RE/MAX 440
John F. O'Hara

John F. O'Hara
731 W Skippack Pike  Blue Bell  PA 19422
Phone:  610-277-4060
Office:  215-643-3200
Cell:  267-481-1786
Fax:  267-354-6973

My Blog

Your Property: Signs of a Hazardous Tree

December 15, 2015 2:00 am

Hazardous trees pose a danger to people and property. When storms or high winds hit, limbs, and often whole trees, fall to the ground.

"Many fatal accidents and millions of dollars in property damage can be averted if homeowners heed the warning signs of a hazardous tree," says Tchukki Andersen, staff arborist for the Tree Care Industry Association (TCIA). "By not paying attention to your trees, you are potentially placing your property, even your life, in jeopardy."

Fortunately, one can often read the clues that indicate a tree is prone to failure. For instance, if a tree has large branches attached with tight, V-shaped forks, you should consider having those branches removed or lightened. Other warning signs of structural instability include cracks in the trunk or major limbs, hollow and decayed areas, or the presence of extensive dead wood. Mushrooms growing from the base of the tree or under its canopy may also be a sign of root decay. Remember to be thorough in your evaluation; the absence of fungus growth does not necessarily mean the tree is healthy.

"It also pays to be highly suspicious of any tree that has had construction activities, such as trenching, addition or removal of soil, digging or heavy equipment movement, anywhere under the spread of its branches," says Andersen.

These activities can cause root death, which, in turn, could lead to the structural instability of the tree. The sign most people recognize is a hollow in a tree. Filling of hollow trees, a process called "cavity filling," was practiced by arborists for many years, but recent research shows it is not needed to support or improve the health of hollow trees.

In fact, cavity filling with cement can actually damage a tree. According to Andersen, "the column of cement created in the tree by a cavity fill doesn't move, just like a column on a building, but the tree is always moving. It sways with the wind constantly. The rubbing created by the swaying tree and the solid column of cement can further damage the tree."

Wood decay fungi that created the hollow in the first place may take advantage of new injuries created by the rubbing and invade the remaining healthy tissue of the tree. If cavity filling is desired for aesthetic reasons, there are new synthetic foams that can be sprayed into the cavity by professional arborists. These materials will bend with the swaying tree, reducing injury.

However, there is really no reason to fill a cavity other than for aesthetic reasons; it doesn't improve the tree's health and doesn't offer extra support. If structural support of a tree is required, a professional arborist will recommend cabling, bracing, propping, tree guying or removing the tree.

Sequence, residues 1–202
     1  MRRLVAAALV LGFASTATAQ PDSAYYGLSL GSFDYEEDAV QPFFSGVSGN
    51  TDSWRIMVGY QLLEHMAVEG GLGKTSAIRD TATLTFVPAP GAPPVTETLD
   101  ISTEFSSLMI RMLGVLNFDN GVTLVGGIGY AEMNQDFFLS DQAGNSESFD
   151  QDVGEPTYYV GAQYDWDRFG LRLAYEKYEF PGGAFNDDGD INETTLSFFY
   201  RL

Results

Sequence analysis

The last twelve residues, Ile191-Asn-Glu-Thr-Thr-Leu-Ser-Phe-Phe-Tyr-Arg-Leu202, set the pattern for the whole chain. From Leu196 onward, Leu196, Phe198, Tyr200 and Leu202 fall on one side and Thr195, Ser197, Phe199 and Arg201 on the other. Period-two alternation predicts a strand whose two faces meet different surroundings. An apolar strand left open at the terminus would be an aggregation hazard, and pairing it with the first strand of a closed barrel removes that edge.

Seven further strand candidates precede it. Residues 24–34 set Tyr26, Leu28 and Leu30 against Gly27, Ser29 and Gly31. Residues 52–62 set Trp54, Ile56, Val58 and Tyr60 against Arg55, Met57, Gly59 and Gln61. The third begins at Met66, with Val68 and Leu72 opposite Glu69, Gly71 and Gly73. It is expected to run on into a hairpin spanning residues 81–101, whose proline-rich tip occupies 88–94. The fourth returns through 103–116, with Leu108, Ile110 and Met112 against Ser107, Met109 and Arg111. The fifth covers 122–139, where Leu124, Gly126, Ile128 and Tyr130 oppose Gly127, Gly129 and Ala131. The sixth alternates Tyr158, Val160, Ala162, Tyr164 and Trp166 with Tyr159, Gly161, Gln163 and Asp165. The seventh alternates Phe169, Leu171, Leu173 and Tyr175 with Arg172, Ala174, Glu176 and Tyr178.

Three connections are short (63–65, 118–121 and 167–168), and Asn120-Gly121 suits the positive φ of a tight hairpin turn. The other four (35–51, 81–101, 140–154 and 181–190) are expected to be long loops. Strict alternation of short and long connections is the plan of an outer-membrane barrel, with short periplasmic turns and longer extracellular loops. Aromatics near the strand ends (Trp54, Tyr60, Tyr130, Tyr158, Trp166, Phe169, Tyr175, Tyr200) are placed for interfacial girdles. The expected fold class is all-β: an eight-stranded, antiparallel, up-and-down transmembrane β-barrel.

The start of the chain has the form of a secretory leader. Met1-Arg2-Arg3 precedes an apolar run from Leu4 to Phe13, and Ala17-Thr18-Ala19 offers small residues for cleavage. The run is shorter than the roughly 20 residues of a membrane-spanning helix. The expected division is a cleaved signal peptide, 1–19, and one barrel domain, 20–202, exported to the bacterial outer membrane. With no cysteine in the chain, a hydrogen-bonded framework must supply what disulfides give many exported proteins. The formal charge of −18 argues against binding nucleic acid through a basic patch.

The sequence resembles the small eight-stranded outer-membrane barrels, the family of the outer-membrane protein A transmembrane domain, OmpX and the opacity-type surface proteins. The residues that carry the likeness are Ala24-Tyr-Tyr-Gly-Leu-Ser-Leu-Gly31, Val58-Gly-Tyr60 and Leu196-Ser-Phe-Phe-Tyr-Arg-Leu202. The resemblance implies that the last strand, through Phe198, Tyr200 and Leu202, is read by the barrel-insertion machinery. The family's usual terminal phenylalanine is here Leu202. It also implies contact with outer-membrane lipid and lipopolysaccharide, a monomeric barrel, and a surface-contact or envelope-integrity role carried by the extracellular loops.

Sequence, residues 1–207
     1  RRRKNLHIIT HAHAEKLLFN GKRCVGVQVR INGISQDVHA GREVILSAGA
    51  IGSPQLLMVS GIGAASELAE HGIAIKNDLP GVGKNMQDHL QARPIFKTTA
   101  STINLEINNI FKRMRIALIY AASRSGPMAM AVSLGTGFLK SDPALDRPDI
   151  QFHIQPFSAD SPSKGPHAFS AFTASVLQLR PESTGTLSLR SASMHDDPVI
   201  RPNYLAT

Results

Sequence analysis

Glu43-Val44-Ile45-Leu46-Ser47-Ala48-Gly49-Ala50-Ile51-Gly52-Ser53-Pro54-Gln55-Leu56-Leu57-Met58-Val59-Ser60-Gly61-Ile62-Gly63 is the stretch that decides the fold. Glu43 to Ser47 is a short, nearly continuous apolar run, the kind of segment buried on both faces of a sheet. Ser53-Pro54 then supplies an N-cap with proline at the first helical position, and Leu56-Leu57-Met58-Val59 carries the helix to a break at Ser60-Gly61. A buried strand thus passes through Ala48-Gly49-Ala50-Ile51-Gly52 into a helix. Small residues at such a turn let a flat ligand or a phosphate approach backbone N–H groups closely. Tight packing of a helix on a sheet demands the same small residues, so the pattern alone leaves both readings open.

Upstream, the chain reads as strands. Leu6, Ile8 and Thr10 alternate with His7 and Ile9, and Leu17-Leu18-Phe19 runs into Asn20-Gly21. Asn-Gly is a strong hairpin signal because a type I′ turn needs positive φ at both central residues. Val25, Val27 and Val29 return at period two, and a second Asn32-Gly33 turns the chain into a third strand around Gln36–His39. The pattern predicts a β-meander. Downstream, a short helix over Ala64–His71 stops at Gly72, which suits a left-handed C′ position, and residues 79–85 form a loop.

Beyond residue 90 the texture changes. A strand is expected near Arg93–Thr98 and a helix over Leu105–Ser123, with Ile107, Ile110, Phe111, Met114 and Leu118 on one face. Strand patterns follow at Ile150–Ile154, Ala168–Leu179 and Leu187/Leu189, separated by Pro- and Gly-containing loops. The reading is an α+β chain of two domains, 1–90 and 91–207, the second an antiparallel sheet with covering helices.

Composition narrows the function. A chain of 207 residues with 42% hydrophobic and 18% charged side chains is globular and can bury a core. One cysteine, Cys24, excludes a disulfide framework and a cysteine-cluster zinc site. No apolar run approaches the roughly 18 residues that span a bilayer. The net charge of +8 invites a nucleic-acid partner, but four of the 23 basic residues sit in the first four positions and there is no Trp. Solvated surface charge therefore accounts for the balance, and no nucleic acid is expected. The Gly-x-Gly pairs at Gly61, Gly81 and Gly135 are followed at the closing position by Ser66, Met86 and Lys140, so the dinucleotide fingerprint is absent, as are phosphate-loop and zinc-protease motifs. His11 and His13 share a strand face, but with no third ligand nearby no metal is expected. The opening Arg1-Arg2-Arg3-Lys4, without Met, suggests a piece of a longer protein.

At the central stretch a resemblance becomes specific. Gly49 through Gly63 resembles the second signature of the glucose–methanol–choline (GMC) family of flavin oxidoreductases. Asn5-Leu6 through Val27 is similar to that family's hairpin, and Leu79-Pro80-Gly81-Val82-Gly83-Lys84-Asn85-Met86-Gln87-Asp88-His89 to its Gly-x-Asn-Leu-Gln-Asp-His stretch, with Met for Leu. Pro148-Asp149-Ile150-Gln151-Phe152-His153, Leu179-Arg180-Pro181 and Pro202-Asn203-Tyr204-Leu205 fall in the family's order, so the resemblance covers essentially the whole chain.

Source: TCIA

Published with permission from RISMedia.


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Tis the Season to Prepare Your Home for Cold Weather

December 15, 2015 2:00 am

Approximately one-fifth of homeowners insurance claims are brought on by damage caused by water or cold temperatures—much of which comes as a result of snowy conditions, according to the Insurance Information Institute (I.I.I.). Although standard homeowners and renters policies cover winter-related damage, such as that caused by burst pipes, ice dams and wind, as well as damage caused by either the weight of ice or snow, there are a few steps homeowners can take to protect their homes before winter kicks in. These include:

Cleaning out the gutters. Remove leaves, sticks and other debris so melting snow and ice can flow freely, which prevents damming, a condition in which water seeps into the house, potentially damaging ceilings and walls.

Installing gutter guards. This prevents debris from entering the gutter and interfering with the flow of water away from the house and into the ground.

Trimming trees and removing dead branches. Ice, snow and wind can cause weak trees or branches to break and damage your home or car, or injure someone walking by your property.

Adding extra insulation to attics, basements and crawl spaces. If too much heat escapes through the attic, it can cause snow or ice to melt and then re-freeze on the roof, resulting in an ice dam that can cause significant roof damage. Well-insulated basements, crawl spaces and unfinished rooms, such as garages, protect pipes from freezing.

Providing a reliable back-up power source. In the event of an electrical outage, continuous power will help prevent frozen pipes. Consider purchasing a portable generator to ensure your household’s safety.
 
Keep in mind that coverage for flooding, including flooding caused by melting snow, is available from FEMA’s National Flood Insurance Program (NFIP) and from some private insurance companies.
 
Remember also that melting snow can overburden sewer systems, causing raw sewage to back up into the drains in your home. Backed up sewers can cause thousands of dollars in damage to floors, walls, furniture and electrical systems. Sewer back-up coverage can be purchased either as a separate product or as an endorsement to your homeowners or renters policy.

Source: I.I.I.

Published with permission from RISMedia.


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